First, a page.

How to protect your business from social media threats

Social media presents small businesses with many opportunities, including customer support and the ability to communicate quickly with employees, customers and suppliers. However, the problem is that just as you can rapidly pass on information, so can you rapidly pass on a threat. NETGEAR's Jason Leung presents six key ways to protect your business from social media threats.

Social media is the biggest security challenge posed to small businesses. It can point your employees towards websites that might be infected and, if a colleague unwittingly shares a link, you make an assumption that it's safe since it's come from somebody you trust. This may not be the case.

NETGEAR recently commissioned a piece of research looking at how important social media has become for businesses. We asked 300 small business owners and IT managers how they were using social media in their company. Nearly half of those polled said they are using social media to stay in touch with their customers and nearly 60% said they were using tools such as Facebook and Twitter for internal communications. But only 29% said that had made moves to educate their staff about the risks posed by Web 2.0 and best practices to avoid malware.

This shows that small businesses are embracing social media but they are not giving enough consideration to the dangers it potentially causes their business.

There are two main threats small businesses face from social media. The first is perhaps the most obvious: an effect on productivity in the form of addictive games on Facebook such as Farmville and Texas Holdem Poker.

The second, less visible, yet more serious, are the malicious links that are being spread on sites like Twitter and Facebook. These scams work by luring people to click on links posted on social networking sites with sensational or scandalous topical comments. However, by clicking on these links people are potentially downloading and infecting their computer with malware which could cripple your IT network. Even worse still, they'll potentially be spreading the problem around the business via their social network.

There are six simple and practical ways you can protect your network from becoming infected with malware originating from social networks:

1. Train your employees to recognise scams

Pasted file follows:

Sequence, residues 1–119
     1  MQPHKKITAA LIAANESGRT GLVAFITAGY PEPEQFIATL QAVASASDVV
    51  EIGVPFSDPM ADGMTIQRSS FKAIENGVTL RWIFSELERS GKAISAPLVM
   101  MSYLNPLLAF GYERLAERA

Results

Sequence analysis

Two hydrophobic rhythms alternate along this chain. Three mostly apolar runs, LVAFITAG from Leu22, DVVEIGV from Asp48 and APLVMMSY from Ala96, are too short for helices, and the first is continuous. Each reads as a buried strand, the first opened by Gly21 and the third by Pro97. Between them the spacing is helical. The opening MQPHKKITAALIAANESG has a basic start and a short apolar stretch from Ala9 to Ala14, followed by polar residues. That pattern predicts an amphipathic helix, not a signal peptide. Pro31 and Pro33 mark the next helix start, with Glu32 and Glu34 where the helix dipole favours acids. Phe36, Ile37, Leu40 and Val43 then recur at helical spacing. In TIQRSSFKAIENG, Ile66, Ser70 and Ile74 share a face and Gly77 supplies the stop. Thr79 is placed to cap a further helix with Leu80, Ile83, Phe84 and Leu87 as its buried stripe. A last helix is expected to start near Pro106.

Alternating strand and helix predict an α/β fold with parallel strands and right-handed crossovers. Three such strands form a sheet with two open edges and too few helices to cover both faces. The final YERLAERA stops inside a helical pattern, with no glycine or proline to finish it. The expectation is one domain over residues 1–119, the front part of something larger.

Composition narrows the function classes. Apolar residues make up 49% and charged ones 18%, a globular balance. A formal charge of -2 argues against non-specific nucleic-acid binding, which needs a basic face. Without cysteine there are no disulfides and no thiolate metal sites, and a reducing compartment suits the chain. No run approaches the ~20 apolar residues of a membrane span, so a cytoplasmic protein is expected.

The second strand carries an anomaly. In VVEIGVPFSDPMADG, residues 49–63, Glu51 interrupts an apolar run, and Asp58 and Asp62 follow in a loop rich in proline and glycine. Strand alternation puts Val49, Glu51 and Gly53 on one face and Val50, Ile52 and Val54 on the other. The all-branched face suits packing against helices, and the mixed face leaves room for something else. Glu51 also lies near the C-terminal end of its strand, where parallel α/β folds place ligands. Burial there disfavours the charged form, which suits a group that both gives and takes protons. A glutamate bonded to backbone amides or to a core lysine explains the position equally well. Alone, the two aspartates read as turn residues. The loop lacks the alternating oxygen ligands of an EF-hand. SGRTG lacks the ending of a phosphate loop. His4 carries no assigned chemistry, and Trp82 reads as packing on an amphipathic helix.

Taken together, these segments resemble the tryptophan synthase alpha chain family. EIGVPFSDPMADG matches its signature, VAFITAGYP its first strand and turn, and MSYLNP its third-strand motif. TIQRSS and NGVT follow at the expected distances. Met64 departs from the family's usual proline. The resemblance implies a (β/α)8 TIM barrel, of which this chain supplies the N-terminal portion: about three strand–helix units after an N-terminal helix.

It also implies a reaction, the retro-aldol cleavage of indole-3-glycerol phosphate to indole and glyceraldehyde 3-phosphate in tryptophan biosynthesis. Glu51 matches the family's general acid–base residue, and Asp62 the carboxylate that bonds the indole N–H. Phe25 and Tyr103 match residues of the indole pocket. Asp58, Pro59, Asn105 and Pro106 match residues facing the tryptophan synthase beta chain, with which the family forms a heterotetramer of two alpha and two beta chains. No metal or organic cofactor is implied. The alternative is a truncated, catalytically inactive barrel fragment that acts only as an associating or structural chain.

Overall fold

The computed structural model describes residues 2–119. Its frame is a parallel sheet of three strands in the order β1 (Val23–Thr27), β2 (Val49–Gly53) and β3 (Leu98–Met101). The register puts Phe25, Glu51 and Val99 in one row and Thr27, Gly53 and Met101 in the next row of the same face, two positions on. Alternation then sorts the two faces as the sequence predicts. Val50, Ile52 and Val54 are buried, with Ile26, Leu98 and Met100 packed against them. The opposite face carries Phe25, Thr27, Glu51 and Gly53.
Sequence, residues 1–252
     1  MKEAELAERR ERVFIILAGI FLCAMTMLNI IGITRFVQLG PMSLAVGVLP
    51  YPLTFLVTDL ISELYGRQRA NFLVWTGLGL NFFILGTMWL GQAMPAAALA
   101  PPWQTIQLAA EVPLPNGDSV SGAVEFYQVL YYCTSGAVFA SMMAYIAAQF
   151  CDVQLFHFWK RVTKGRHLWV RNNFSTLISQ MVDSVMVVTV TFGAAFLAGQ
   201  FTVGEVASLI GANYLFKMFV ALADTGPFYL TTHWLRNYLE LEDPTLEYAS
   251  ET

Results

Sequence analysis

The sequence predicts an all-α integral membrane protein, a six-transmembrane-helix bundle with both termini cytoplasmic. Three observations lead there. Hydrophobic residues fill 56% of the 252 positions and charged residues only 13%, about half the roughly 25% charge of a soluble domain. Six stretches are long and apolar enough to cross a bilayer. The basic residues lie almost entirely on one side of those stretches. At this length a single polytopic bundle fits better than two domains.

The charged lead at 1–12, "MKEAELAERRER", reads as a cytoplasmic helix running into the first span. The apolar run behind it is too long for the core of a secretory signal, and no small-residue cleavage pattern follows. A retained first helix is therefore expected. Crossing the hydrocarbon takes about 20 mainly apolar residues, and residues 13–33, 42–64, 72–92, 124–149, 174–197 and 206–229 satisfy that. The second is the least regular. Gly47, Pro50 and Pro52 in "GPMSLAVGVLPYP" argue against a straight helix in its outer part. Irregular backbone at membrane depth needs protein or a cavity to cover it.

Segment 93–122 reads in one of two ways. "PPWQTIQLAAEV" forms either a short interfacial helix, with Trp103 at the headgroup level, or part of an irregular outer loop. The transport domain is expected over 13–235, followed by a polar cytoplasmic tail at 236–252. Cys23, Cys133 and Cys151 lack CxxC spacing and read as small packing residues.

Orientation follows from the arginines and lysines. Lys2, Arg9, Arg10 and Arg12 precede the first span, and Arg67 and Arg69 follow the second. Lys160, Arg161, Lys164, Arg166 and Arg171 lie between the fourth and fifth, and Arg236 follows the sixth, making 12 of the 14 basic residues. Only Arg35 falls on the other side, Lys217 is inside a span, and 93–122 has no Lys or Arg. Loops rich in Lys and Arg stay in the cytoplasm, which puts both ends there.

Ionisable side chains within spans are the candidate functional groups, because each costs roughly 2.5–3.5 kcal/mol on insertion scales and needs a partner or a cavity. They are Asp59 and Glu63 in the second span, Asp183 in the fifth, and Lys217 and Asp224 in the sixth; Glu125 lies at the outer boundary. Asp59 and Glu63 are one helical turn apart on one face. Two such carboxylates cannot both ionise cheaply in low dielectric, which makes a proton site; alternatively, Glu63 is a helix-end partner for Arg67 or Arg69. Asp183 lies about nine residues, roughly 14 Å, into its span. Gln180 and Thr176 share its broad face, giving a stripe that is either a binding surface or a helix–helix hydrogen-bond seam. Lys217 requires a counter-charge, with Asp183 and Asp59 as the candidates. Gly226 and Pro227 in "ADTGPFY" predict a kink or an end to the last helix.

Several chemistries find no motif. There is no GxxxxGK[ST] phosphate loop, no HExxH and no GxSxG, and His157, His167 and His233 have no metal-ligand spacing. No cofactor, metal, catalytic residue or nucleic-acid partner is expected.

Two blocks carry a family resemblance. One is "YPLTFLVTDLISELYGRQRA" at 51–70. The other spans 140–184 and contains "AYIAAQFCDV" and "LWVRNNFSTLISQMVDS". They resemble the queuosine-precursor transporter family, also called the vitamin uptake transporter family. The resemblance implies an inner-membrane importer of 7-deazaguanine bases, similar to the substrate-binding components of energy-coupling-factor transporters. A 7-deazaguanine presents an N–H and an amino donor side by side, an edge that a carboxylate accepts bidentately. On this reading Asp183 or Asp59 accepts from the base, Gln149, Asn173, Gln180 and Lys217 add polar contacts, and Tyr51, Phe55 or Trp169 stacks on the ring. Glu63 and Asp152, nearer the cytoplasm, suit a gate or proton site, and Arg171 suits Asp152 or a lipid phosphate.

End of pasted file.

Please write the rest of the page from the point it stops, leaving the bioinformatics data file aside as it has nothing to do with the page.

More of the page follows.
Some of the scams that hit businesses may seem obvious with hindsight but people still fall for them. A simple solution is running short training sessions to educate your employees about the type of social media threats and what to look out for, since this can prevent them from falling for these obvious yet dangerous threats.

2. Keep your employees updated on the latest threats

Educating your employees about the threats posed by social media malware has to be an ongoing process. However, it doesn't have to be time consuming and it can be as simple as checking out http://www.prosecure.netgear.com/resources/threat-monitor.php which will keep you informed of the latest threats employees should look out for.

3. Always update your software

Ensure your employees are updating the software on their computer when they are prompted to, as these often patch vulnerabilities. This includes making sure they have the latest operating system updates, the latest version of downloaded software such as Adobe Flash and the latest version of their internet browser.

4. Keep antivirus on the PC on and patched at all times

Small businesses have plenty of pressing issues to deal with on a daily basis and internet security is not at the top of the to-do list. Many business owners view it as a tax upon the business, but up to date security is essential to protect IT in order to safeguard important business and customer data. Remember to use URL and content filtering at your network gateway through your antivirus to prevent dangerous URLs opening if your employees click on them.

5. Recognise Apples can turn sour too

There is a misconception that Apple Macs are invincible from malware. A number of social media threats target Apple operating systems as well as Windows based ones. Since many Macs have little or no protection, it makes them an easy target.

6. Keep track of where your employees are visiting while surfing

This does not mean constantly looking over everyone's shoulder or snooping through their browsing history. However, using corporate controls to maintain some visibility of the sites they are visiting is useful, in case that your network can block access to dangerous sites.

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